There were numerous articles in January 2017 that covered a wide range of topical issues. Here are five of the best stories you might have missed... (click the headline to finish reading the story)
Trump’s health care pledge signals shift to bring drugs to market quicker – but will that put patient safety at risk?
Over the last few months, President Trump has given little away in terms of his vision for the pharma and biotech industries. However, drip by drip, Trump has provided small granules of what he has in store for the healthcare space.
In one of his first press conferences as president, Trump gave his clearest indication yet of what he intends to do:
“We have to get our drug industry coming back. Our drug industry has been disastrous. They’re leaving left and right. They supply our drugs but they don’t make them here, to a large extent. And the other thing we have to do is create new bidding procedures for the drug industry, because they’re getting away with murder...”
21st Century studies with 21st Century tools – What is developing to increase identification, assessment and (re)use of health data?
In my previous article, Randomized clinical trials, big and real world data – 21st Century studies with 21st Century tools, I discussed the increasing role of real world data in supporting clinical development to optimize clinical trials, and specifically mentioned some of the programs that could support this, such as EMIF and EHR4CR.
The Innovative Medicine Initiative (IMI) is Europe’s largest public-private initiative, aiming to speed up the development of better and safer medicines for patients. It is a joint undertaking between the EU and the European Federation of Pharmaceutical Industries and Associations (EFPIA), and it supports collaborative research projects and builds networks of industrial and academic experts to boost pharmaceutical innovation in Europe.
Across the globe, one in five children is unable to receive vaccines, a problem that endures in much of the developing world. The challenge of ‘the fifth child’ stems from a broken cold chain and having the ability to transport vaccines to remote locations far and wide in prime condition. Harvey Rubin, a professor of medicine at the University of Pennsylvania, is the director and co-founder of Energize the Chain, a standalone, non-profit organization run by volunteers. In this compelling interview, Rubin argues the technology to improve the vaccine supply chain is there, but admits a greater effort is needed to reach other areas of the world.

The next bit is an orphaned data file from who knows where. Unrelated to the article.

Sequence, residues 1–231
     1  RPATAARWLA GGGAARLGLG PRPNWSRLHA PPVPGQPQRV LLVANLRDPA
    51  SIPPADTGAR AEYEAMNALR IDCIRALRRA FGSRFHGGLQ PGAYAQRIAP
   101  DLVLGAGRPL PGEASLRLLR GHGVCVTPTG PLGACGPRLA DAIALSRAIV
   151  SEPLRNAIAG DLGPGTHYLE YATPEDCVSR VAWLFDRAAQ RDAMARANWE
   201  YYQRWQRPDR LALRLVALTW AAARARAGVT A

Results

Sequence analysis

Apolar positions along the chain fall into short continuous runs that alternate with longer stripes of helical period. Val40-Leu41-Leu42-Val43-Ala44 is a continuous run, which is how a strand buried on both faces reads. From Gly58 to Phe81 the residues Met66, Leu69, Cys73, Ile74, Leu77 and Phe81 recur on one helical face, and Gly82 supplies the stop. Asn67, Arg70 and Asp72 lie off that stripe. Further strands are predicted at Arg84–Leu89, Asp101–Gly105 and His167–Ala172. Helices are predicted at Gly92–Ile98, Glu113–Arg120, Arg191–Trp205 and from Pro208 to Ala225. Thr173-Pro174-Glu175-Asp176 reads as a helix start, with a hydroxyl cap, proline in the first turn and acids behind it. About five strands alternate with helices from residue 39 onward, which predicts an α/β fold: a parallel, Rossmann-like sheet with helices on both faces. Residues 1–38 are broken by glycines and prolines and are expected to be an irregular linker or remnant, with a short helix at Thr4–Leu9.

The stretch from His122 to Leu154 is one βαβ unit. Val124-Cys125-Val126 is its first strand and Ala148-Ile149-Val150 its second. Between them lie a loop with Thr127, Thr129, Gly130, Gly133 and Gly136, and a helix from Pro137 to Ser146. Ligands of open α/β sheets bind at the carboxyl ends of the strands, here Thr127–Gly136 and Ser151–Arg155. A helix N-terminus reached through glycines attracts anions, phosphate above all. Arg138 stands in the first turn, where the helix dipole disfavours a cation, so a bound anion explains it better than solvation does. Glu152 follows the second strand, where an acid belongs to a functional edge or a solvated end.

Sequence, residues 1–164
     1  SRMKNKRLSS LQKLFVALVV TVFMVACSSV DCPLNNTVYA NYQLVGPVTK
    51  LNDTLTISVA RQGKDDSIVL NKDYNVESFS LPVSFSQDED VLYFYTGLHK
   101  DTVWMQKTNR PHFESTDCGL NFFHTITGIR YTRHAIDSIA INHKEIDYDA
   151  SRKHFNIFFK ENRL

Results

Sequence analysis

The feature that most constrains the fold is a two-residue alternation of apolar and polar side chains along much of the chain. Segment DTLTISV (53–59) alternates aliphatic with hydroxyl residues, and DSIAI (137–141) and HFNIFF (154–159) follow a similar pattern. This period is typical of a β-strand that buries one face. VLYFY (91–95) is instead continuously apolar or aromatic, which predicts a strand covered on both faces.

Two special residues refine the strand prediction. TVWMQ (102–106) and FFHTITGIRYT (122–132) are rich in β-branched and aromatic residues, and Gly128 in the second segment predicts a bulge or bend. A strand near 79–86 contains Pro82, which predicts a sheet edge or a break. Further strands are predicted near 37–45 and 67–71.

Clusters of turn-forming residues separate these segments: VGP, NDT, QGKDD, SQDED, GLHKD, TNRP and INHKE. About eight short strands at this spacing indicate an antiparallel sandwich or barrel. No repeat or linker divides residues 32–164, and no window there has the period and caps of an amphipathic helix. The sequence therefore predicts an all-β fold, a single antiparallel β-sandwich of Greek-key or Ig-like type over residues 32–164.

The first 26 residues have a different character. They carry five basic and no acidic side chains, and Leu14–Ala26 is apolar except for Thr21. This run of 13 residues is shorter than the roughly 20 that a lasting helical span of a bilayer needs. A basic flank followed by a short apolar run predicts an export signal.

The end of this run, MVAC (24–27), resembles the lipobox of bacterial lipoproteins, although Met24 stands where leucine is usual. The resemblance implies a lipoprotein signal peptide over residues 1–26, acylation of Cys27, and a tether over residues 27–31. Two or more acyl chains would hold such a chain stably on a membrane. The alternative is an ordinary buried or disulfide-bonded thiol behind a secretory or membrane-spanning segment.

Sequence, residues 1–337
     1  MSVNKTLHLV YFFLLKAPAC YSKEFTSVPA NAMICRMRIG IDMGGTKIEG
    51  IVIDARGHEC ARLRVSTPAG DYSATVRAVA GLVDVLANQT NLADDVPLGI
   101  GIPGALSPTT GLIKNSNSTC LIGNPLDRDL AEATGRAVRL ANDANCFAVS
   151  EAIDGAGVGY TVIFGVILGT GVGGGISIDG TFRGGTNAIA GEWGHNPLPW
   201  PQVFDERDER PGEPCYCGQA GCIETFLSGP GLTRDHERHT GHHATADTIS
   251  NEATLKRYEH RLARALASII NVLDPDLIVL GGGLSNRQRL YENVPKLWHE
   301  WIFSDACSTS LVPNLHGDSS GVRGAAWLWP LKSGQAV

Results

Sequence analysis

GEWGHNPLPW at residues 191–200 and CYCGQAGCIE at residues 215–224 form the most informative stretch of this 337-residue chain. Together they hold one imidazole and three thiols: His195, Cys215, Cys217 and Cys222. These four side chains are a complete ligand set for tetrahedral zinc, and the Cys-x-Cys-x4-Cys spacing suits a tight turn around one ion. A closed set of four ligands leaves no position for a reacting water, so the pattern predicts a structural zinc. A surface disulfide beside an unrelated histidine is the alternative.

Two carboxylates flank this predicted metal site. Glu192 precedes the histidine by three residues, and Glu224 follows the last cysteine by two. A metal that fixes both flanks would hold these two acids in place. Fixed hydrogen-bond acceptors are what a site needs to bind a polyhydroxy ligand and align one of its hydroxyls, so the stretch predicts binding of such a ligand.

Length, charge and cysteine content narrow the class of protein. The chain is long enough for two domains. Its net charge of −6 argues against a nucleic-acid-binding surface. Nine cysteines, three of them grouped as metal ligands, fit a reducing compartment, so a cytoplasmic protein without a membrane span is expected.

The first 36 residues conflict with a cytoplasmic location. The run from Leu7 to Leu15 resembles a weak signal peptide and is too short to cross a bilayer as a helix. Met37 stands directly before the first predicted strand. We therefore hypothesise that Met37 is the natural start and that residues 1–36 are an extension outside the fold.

Management of specimens collected in biomarker-driven Clinical Trials: Integration of datasets to drive Translational Science
Recent progress in translational and personalized medicine initiatives has created a new landscape with the requirement for innovative ways to manage clinical specimens collected in global biomarker driven trials. With such advancements, many have seen a shift in expectations from the classical bench-to-bedside approach, to one that integrates bedside-to-bench information. To truly fulfill the promise of personalized medicine, we need to incorporate, in real time, specimen metadata, clinical information, and molecular data from a trial to execute translational science. In the past, specimens were often collected from clinical trial participants, stored in a biorepository, and accessed at some later point long after the trial was completed.
The first randomized clinical trial testing a curative treatment was performed in England in 1946 by the Medical Research Council on the antibiotic drug streptomycin. In that era, striking examples of non-interventional studies had also been revealed in metabolic disorders, cancer, and rheumatic fever (Dawber, Meadors and Moore, 1951).
Driven by the evolution of ethics, safety and regulatory requirements, major steps, such as the Helsinki Declaration, the creation of Good Clinical Practices / Good Pharmacovigilance Practices, and the International Conference on Harmonization (1996) led to a high level of standardization for clinical trials. But real world data studies aiming at generating real world evidence also need a higher level of standardization. Even in the absence of intervention or randomization of participants, real world evidence needs to rely on harmonized good practices.
PHOTO CREDIT: Rob Nguyen